Los Angeles – A Los Angeles California federal jury found in favor of Dan Akroyd’s Skull Vodka Co, Crystal Head, on Wednesday morning. The decision finds rival distilled spirits company, Elements, guilty of trade dress infringement. Both companies sell alcohol in skull shaped bottles.

Globefill, which owns Crystal Head, claimed that its bottle came first, and that the Element’s bottle is a “cheap knockoff.” Wednesday’s decision comes at the end of many years of litigation between the two companies.

Crystal Head Vodka was founded in 2007 by movie and TV star Dan Aykroyd. The Vodka brand quickly grew famous due, in part, to its signature skull shaped bottle. In 2009, Elements created a brand of tequila, called KAH, which is also sold in a skull shaped bottle. However, the KAH brand bottle is significantly more colorful and, according to the bottle maker, is inspired by the Mexican holiday, the Day of the Dead.

Globefill brought its first lawsuit against Elements in 2013, suing for trade dress infringement. However, the court found in favor of Elements. Globefill immediately filed for an appeal, claiming that closing arguments were handled improperly. The Ninth Circuit found that the district judge had erred in not honoring Globefill’s request for retrial. The panel found that closing arguments had referenced evidence that was not presented in the case and had incorrectly claimed that Globefill had deliberately kept documents from the jury.

Key testimony was given at the new trial. Globefill called KAH bottle maker Walter Szymoniak. In his testimony, the artist and bottle maker told how he worked side by side with Kim Brandi, (Elements founder), to improve their existing bottle. At one point, Szymoniak stated that Brandi handed him the Crystal Skull bottle to use as he created the clay cast for KAH’s bottle. Later, according to Szymoniak, Brandi called the artist and admitted that she lied under oath.

Element’s trademark attorney defended the company’s right to the bottle. He claimed that both products had ... Read the rest

Meowington Trademark Fight Escalates

By Joseph Mandour on March 17, 2017

Los Angeles – A Florida based entrepreneur is now suing professional entertainer Joel Zimmerman, better known by his stage name Deadmou5, in federal court over a cat name. The dispute began when Zimmerman filed a Petition to Cancel against Emma Bassiri’s Meowington trademark in the Trademark Trial and Appeal Board.

Ms. Bassiri owns the “Meowington” trademark registration, and Zimmerman owns a famous cat that goes by the name “Prof. Meowingtons.” Bassiri applied to register trademark “Meowingtons” with the United States Patent and Trademark Office (USPTO) in July of 2014. Her application was approved without opposition from Zimmerman, or anyone else. Therefore, in March of 2015, Bassiri was granted the trademark for Meowingtons.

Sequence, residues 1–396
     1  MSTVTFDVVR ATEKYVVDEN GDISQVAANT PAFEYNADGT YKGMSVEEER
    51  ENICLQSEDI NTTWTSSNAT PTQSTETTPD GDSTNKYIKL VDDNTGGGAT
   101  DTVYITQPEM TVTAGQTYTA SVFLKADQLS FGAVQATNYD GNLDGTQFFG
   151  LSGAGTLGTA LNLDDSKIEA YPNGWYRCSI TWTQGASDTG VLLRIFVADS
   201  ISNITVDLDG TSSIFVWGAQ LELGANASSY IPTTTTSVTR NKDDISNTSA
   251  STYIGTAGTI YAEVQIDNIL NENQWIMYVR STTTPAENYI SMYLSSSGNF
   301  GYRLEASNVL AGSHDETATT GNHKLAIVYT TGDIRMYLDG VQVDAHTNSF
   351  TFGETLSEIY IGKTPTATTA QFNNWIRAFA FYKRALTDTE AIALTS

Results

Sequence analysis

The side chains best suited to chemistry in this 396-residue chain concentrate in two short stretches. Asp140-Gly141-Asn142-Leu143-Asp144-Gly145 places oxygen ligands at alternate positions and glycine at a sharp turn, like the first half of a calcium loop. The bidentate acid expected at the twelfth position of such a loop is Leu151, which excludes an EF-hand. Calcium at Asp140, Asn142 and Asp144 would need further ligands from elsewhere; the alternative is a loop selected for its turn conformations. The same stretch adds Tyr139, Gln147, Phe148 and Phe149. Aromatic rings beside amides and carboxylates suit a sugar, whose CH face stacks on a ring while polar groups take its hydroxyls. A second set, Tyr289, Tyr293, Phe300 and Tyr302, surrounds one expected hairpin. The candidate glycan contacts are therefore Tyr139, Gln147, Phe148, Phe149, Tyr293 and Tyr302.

In 2014, Bassiri created which is an online retail store that caters to what she claims is an, “underserved demographic of cat owners and cat enthusiasts.” Prior to launching her business, she conducted extensive market research. During her process, she discovered that her first choice in brand name, “Meowington,” was available. Over the past three years, Meowington has been a leading producer of cat themed products, selling cat clothing, jewelry, bags, and various other associated products.

Zimmerman adopted his cat, Professor Meowingtons, in 2010. Professor Meowingtons is considered a minor celebrity. The pet cat has an online following, including thousands of social media followers across varied outlets. Zimmerman filed a petition with the USPTO to cancel Bassiri’s trademark after his application for Professor Meowingtons was rejected.

Zimmerman claims that Bassiri is a longtime fan of his music, was aware of his cat’s fame when she registered her trademark, and is seeking to draw a false connection between the two with a brand name that is “confusingly similar.”

Zimmerman filed his “Prof. Meowingtons” trademark application on an“intent-to-use” basis. To this day, he has not provided any evidence of when he has ever used the trademark to sell a product or service.

Regardless, Zimmerman is asserting his common law right to the trademark due to the prior fame of his cat which began in 2011. With the new federal lawsuit, it appears that neither p... Read the rest